Our second concern is that the direction of causality could be reversed, whereby the structure of the networks could be what determines why two firms consolidate, rather than

17

We drop the month of the merger, as it is not clear whether this month belongs to the pre- or post-period.

18

U.S. Bureau of Economic Analysis, Gross Domestic Product [GDP] , retrieved from FRED, Federal Reserve Bank of St. Louis;https://fred.stlouisfed.org/series/GDP, June 11, 2017. J etF uelP ricetis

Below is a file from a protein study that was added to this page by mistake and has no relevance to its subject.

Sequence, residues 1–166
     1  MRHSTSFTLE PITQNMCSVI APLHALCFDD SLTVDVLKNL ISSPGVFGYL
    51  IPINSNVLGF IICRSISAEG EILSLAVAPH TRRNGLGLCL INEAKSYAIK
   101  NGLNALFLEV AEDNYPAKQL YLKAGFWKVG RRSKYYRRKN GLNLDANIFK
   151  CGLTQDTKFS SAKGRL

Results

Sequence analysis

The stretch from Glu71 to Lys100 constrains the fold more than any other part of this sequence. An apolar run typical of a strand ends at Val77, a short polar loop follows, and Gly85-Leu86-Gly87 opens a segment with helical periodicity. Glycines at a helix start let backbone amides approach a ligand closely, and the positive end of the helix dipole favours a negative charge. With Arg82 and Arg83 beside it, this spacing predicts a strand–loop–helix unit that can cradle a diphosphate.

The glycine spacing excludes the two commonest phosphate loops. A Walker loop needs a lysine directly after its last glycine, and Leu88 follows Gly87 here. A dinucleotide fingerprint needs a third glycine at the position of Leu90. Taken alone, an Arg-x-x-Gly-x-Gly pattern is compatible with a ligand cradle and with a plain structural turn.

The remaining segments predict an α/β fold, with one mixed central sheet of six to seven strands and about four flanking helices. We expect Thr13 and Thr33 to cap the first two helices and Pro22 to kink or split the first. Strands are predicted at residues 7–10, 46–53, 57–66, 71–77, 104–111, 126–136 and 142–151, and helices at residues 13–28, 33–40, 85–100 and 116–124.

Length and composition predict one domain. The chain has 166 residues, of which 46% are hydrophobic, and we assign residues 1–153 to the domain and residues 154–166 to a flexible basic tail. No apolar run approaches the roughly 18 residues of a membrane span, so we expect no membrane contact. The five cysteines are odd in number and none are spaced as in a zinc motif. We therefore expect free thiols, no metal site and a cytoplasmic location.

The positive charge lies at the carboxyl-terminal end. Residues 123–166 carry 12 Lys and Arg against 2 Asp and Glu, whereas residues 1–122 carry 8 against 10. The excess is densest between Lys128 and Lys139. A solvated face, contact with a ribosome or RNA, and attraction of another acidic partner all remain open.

the other way around. First, we include airport-merger (or airport-codeshare) fixed effects. For example, we will have one dummy variable indicating whether or not the observation comes from DCA during the year before or after the Continental-United merger date, and a separate dummy indicating DCA during the year before or after the American-US Airways merger date. Recall that the airports are the nodes of the network, and the network measures that we use are constructed at the airport level. The airport-merger fixed effects control for any unobserved heterogeneity at the airport level that could have induced two firms to consolidate their operations nationally. For example, if the hub of an airline is at a city that is in economic and population decline (e.g. Trans World Airlines at St. Louis), then the airline at that hub could consider merging with another one that has its hub in cities that are growing (e.g. American at Dallas, Miami, and Chicago). The inclusion of the airport-merger fixed effects means that we will identify the effect of the mergers from the within variation in the network measures at each airport for that merger over one or three years after the merger. Second, we include airport-specific time trends, which are obtained by interacting a trend variable with airport specific fixed effects. The airport-specific trends control for any unobserved heterogeneity that changes over time, such as an historical decline or increase in the demand for travel out of an airport. Thus, while the airport-merger fixed effects control for the average unobserved heterogeneity at the airport level that might induce a merger of two airlines, the airport-specific trends control for long run trends in the unobserved heterogeneity at each airport. We also include fixed effects for quarter of the year to control for the possibility that airlines may serve different routes at different times of year.